Why Startups Should Pay Attention to the Collapse of EU Discount Airlines
Grow Your Business, Not Your Inbox
Low cost airlines in Europe are dropping like flies. In the last few months, Cobalt Air, Primera Air and Skywork have all ceased operations, leaving many passengers stranded with worthless tickets home. Released statements from these airlines have pointed to rising fuel prices, weak consumer demand, pilot shortages and the growing concerns on the effects of Brexit as reasons for their demise.
And it's true. The current climate has not been in their favor. In September, we witnessed a sudden 30 percent rise in fuel costs which pushed industry profit margins below 8 percent in the second quarter. Moreover, the plunge in sterling exchange rates since the Brexit referendum has deterred many Britons from traveling.
However, these small and fairly new airlines have been battling against a much stronger headwind that has blown in from undercurrent issues that apply for any industry. EU discount airlines face the challenges and turbulences that any startup encounters when trying to compete in an overly competitive market and against more established players.
As someone who has tried and failed to launch his own EU airline, I learned that for new airlines to stay airborne in Europe they have to be better, be cheaper, offer something different or take their business elsewhere. But, more importantly, I found that these rules, in fact, apply to startups in any industry.
Never launch into a congested market.
The first rule of business is never launch into a highly contested market. Something which Cobalt, Primera and Skywork all seemed to have ignored. Europe is home to some of the most dynamic and aggressive low cost airlines in the world, such as Ryanair and Easyjet. These carriers have advantages in their size, their reach and their economics. Not only can they buy and lease aircraft and fuel at far cheaper costs, but they can negotiate landing fees at a rate new airlines cannot match.
EU low-cost carriers also have to out-fly national airlines which have their own advantages in terms of customer loyalty, brand recognition and slot access. Europe is therefore saturated with airline options, all offering the same routes, and a higher quality of service, giving them the upper hand on smaller discounted airlines.
Startups attempting to break into other highly congested environments, such as the food delivery market, would experience the same setbacks. UberEats, Deliveroo, HelloFresh, Just Eat and Delivery Hero dominate the European food delivery market and a new startup would be foolish to try and compete.
Find a wrinkle.
The only way EU discount airlines are ever going to survive this tough market is if they bring something new to the table, something that hasn't yet been exploited by the likes of Ryanair or Easyjet.
Smart airlines, and startups in general, are the ones able to find a wrinkle. For example, in 2000, British Airways was the first to introduce fully flat seats in business class, which was considered revolutionary. Primera Air attempted to roll out new transatlantic routes last year, however even this gap has been successfully filled by Norwegian and WOW Air.
Successful startups, such as Airbnb and Uber, uncovered niche opportunities that others had not even attempted to test. EU discount airlines need to do the same. This could be allowing pets on flights, building wider bathrooms or having oxygen supplies onboard for older travelers.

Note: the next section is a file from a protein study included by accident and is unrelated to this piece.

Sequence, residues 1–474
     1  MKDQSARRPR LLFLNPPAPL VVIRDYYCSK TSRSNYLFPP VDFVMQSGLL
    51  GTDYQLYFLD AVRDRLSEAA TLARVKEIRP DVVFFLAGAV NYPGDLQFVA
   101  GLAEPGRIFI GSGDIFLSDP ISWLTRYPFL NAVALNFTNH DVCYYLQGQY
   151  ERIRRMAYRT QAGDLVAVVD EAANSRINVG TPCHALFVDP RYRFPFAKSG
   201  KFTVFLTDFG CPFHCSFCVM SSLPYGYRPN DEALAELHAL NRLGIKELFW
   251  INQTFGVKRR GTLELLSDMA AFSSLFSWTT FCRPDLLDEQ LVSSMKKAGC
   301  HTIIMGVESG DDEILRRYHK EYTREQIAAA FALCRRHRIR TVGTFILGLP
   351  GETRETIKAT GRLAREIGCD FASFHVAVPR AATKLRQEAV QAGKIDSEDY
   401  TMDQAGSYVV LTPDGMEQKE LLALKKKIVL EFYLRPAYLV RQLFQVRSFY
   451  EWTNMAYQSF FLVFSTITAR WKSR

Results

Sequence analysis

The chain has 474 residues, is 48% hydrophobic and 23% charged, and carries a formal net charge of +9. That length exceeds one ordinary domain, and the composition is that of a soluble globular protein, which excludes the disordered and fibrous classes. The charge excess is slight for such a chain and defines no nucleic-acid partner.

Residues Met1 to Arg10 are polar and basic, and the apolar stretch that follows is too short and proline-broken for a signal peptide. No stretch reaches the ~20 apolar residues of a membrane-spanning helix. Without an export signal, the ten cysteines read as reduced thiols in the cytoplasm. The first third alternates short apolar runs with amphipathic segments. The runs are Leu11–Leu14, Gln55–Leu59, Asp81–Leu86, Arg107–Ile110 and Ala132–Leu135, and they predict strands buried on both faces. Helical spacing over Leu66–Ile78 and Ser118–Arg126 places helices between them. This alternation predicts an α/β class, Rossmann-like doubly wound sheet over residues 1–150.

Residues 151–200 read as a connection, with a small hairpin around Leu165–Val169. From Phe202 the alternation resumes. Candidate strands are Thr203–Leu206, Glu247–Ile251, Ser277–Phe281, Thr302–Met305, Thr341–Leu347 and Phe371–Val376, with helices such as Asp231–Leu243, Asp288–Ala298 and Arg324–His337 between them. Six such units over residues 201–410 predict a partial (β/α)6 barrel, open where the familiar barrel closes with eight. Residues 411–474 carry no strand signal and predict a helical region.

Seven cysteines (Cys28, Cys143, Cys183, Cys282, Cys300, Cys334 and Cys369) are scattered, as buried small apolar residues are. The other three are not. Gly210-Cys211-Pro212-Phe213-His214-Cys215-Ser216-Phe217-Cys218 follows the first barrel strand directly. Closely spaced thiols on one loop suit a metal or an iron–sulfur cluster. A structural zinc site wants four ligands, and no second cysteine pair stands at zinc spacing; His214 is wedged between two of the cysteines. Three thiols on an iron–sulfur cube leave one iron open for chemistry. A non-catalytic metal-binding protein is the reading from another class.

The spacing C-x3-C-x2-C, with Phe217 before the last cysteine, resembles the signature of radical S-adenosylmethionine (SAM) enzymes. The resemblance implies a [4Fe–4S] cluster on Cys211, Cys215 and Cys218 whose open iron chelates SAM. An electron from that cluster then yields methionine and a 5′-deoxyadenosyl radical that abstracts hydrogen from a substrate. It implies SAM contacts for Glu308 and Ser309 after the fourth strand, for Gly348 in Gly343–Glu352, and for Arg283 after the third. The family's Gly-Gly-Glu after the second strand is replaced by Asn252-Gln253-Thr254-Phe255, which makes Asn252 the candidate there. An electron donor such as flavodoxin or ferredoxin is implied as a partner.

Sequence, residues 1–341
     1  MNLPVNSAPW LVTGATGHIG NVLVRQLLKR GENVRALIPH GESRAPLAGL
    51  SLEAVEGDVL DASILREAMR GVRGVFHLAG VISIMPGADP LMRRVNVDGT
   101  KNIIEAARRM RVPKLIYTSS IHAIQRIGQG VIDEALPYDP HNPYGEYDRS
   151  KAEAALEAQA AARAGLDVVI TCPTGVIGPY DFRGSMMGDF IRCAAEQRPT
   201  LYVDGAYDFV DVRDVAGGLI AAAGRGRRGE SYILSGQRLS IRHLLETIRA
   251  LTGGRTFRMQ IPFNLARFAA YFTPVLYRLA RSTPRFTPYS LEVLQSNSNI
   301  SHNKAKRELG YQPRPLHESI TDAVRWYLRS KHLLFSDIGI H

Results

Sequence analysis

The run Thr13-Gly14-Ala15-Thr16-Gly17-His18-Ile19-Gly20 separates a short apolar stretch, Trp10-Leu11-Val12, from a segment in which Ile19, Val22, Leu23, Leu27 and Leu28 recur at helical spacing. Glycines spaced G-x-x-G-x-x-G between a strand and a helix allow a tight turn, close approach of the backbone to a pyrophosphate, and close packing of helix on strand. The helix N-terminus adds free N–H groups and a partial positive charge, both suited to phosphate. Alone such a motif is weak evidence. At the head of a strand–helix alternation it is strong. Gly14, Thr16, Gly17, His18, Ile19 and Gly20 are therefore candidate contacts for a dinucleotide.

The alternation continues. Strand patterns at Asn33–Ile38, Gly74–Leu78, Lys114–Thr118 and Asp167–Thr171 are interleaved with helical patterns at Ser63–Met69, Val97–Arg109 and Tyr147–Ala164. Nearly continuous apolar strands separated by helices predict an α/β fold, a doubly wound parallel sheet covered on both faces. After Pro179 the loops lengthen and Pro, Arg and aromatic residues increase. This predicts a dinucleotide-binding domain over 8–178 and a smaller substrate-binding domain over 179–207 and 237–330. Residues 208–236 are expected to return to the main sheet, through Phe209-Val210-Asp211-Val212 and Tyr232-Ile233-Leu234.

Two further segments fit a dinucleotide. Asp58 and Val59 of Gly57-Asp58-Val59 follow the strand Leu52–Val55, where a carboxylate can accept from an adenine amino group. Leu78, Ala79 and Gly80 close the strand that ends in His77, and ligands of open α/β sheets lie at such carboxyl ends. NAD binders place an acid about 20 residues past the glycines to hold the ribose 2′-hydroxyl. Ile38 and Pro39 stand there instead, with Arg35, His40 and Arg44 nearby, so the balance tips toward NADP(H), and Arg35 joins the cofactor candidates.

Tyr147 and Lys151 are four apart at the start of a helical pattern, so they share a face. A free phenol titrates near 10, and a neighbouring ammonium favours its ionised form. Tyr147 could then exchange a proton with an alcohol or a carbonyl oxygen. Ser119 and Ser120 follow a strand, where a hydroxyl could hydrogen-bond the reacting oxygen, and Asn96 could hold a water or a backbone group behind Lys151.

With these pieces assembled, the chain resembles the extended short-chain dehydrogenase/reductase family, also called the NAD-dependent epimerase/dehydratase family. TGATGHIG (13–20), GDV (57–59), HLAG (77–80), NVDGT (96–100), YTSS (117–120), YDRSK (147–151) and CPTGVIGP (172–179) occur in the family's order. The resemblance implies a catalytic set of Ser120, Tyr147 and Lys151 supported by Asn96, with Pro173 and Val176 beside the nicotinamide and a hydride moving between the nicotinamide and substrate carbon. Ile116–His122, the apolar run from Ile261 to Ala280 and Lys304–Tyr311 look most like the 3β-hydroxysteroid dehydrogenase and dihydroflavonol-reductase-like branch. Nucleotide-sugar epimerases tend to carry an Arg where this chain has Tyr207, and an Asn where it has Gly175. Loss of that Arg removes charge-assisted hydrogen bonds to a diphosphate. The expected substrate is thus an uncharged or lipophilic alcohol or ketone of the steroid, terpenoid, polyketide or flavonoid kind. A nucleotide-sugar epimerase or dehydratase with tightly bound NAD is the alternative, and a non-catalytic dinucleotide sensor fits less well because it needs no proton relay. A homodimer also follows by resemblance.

Simple niche opportunities present issues in sustainability. It does not take long for an airline like Easyjet or British Airways to respond in kind with similar services. British Airways, for example, could start allowing pets on flights if a smaller airline had demonstrated that there was a demand for it. And as a recognized brand with frequent flyer programs, customers will remain loyal to them over a new, unknown carrier.
Go cheap or go home.
In general, people are extremely reluctant to pay more for additional extras. While traveling, customers are usually happy to accept higher levels of discomfort in return for a lower seat price. For example, Ikea has made billions from customers who go through the agony of having to construct furniture themselves, just to avoid expensive costs and delivery fees.
However, these days providing a cheaper product or service is extremely difficult. New EU discount airlines will have no economies of scale. There is no competitive advantage. A new airline can only compete on price against incumbents by losing money. Eventually, as we have seen, the new airline bankrupts itself in the chase for market share. Larger, established airlines can keep flying and take some short-term losses while they wait for the new airline to fail, which is exactly what happened with Primera, Cobalt and Skywork.
Airlines need to have more cash to lose than all the other successful airlines, just as startups need to have the funding to launch, scale and swallow setbacks.
Look to new horizons.
When a market, or industry has been completely availed, it's only logical to look elsewhere.
New airlines, like all entrepreneurs, need to be adventurous and look onwards to the next market to conquer. Arguably, for aviation this lies in new regions outside of Europe, such as North Africa. Yes, they have their own string of obstacles, including arduous regulatory environments, however these new voyagers won't have big competitors such as Easyjet and Ryanair weighing down their wings.
Europe's aviation market has been wrung dry, and any new discount airline that tries to navigate its way through is only going to fail. Primera Air, Cobalt and Skywork all sought to compete in a contested market and crashed. For a discount airline to succeed it needs to launch into an uncongested environment, find a wrinkle, keep pricing down or unearth new markets -- advice which is applicable to startups in any industry.